Only Single Player: E3 2018: Microsoft is finally offering strong single-player value
faultymoose blog header photo
faultymoose's c-blog
Posts 0Blogs 2Following 0Followers 0



Survival Horror, R.I.P.

(This entry began as a reply to an article on a different web site *GASP*)

I have a problem with this generation's survival-horror games, and that problem is that they are no more about "survival" or "horror" than Gears of War.

Resident Evil 5, and Dead Space... I'm looking at you.

That's not to say they are bad games. RE:5 and Dead Space are both incredibly well made. I enjoyed beating them both immensely. Beautiful visuals, excellent sound design (Dead Space has probably the best sound design of any game since System Shock 2), and memorable set pieces all combine to create a thrilling experience.

But neither of them are particularly frightening.

Dead Space did a better job of terrifying me than RE:5, with it's moody lighting and cramped sets (and particularly, the vaccuum areas where sound cues were reduced to muted thumps) but the scares were outweighed significantly by the carnage.

I tend to play modern Survival Horror at the hardest difficulty (or the hardest difficulty available from the first playthrough*). That can reintroduce the "Survival" aspect, and at least in the case of Dead Space, bring back some of the horror through the constant threat of sudden and violent death.

But the popularisation of video games, and the new design methodology that difficult games = bad game design, is so antithetical to the Survival Horror genre that ironically, most of what defined the genre didn't survive the transition to mainstream.

That's not meant to be some kind of hardcore "I AM TEH GREATEST" elitest gamer attitude. But as a rabid fan of survival horror games, the 'casualisation' of video games can be hugely disappointing when it impacts so heavily on emotional engagement; I'm just not that frightened when there is nothing to be frightened of.

Bioshock is a good example: System Shock 2 being my favorite game of all time, was an absolutely terrifying experience on the harder settings (I completed it on Impossible). Bioshock on the other hand was so stupidly easy, even on the most difficult setting, that it seemed pointless to have a difficulty switch in the first place.

And again, that easiness was so antithetical to the horror aspect of the game that the only 'scares' I got from it were the few cheap thrill jump-out-from-behind-a-box scripted events.

Bioshock might be easy to excuse because its presentation is more First Person Shooter than Survival Horror. But anyone who was experienced with the legacy of System Shock remembers Bioshock being branded as "The spiritual successor to System Shock 2". And unfortunately, it lacked an aweful lot of that spirit.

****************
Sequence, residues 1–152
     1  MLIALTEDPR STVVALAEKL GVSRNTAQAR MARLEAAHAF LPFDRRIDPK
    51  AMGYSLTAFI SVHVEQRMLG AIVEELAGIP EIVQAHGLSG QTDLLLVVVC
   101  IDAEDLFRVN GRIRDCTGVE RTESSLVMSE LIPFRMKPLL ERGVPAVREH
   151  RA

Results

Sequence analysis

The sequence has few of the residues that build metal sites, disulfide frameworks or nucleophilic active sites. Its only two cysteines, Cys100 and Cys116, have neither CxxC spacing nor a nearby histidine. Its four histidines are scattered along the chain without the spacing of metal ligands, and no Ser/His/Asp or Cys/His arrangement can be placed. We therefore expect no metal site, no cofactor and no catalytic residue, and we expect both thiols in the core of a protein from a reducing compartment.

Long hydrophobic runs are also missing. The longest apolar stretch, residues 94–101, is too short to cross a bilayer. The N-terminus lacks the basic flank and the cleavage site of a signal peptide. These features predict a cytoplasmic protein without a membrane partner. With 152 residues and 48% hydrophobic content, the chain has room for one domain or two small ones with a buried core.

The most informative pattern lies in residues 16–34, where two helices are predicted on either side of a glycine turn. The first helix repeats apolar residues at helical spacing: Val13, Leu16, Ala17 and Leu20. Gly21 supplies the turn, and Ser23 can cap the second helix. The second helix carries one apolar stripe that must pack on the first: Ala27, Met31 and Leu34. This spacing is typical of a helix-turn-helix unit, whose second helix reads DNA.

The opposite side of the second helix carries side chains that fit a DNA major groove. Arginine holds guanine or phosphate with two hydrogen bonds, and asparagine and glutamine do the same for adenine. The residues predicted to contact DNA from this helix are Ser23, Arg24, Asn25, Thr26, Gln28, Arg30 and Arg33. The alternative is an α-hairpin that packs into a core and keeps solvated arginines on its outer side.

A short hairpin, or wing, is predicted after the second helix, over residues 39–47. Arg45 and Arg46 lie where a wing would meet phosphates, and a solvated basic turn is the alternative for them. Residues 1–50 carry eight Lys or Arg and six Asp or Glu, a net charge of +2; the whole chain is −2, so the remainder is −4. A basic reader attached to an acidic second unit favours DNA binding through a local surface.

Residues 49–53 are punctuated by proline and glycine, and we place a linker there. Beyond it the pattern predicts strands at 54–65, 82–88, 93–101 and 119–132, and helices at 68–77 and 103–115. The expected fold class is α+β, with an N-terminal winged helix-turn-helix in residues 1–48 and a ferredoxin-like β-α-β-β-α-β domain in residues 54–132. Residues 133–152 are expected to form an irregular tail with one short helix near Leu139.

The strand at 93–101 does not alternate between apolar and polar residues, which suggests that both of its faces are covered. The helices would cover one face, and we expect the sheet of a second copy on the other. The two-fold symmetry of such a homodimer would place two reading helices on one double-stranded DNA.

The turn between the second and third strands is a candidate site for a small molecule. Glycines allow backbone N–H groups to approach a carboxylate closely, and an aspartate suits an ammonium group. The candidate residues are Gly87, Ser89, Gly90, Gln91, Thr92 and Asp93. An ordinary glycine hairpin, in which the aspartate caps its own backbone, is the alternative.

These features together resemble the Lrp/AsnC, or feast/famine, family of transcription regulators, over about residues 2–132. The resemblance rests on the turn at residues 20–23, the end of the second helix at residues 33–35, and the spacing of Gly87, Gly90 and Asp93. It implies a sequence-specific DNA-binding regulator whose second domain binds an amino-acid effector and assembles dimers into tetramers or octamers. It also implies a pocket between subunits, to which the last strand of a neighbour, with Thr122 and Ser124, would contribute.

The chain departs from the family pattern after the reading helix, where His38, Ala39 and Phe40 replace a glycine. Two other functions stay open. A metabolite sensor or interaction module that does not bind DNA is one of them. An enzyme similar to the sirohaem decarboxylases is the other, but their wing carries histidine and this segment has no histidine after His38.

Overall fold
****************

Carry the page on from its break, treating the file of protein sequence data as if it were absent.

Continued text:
However, even when the harder game modes are actually difficult (as can be said of Resident Evil 5), the experience as a whole is so often balanced for easier settings that minor flaws in the gameplay or the controls become enormous frustrations at harder settings.

Shiva's AI in RE:5 is guilty of this. On numerous occasions, Shiva would get us killed. And when she wasn't killing us, she was being brainlessly wreckless and leaving me to juggle rescuing her while saving my own ass. On one occasion, Shiva died after I'd boosted her up to a ledge, and she'd moved off screen. This is not okay.

Uncharted 2 (yes I know it's not survival horror, but it's a good example) suffers some similar problems at more difficult settings, mostly with cover mechanics. Sometimes I became snagged on a piece of geometry, or would fruitlessly bounce into and out of cover while being pounded from behind whilst trying to move AROUND something. At easier settings, it's not even noticeable, and even at more difficult settings it is rarely a problem. But when it is, it's insanely frustrating because it feels as though the game's programmers are killing me, versus my own screw ups.

I guess my point with all of this is: Survival Horror RELIES on well constructed difficulty, even if only sporadically, to create a sense of pending danger and constant threat of failure. If I can easily dispatch everything by randomly mashing AXYXABBA in the general direction of tentacles/proboscises/pointybits then I'm not going to be particularly worried about what the next corner may hide.

* And another thing: Why in the hell do most games force me to play through on easier settings BEFORE I can select the hardest difficulty? In the case of Survival Horror, this is completely antithetical to the entire experience. To the point of me wanting to use phrases like "fucking idiotic".

By all means, force me to play through the entire game in easy mode, so that I can be well prepared for anything which MIGHT have scared me at more difficult levels if I could have been experiencing it for the first time.

This culture of replayability confuses me. In my mind, it's no different than expecting someone to watch Lord of the Rings three times at varying brightness levels.

But that's for another rant...
Login to vote this up!





Please login (or) make a quick account (free)
to view and post comments.

 Login with Twitter

 Login with Dtoid

Three day old threads are only visible to verified humans - this helps our small community management team stay on top of spam

Sorry for the extra step!


About faultymooseone of us since 7:16 PM on 05.21.2008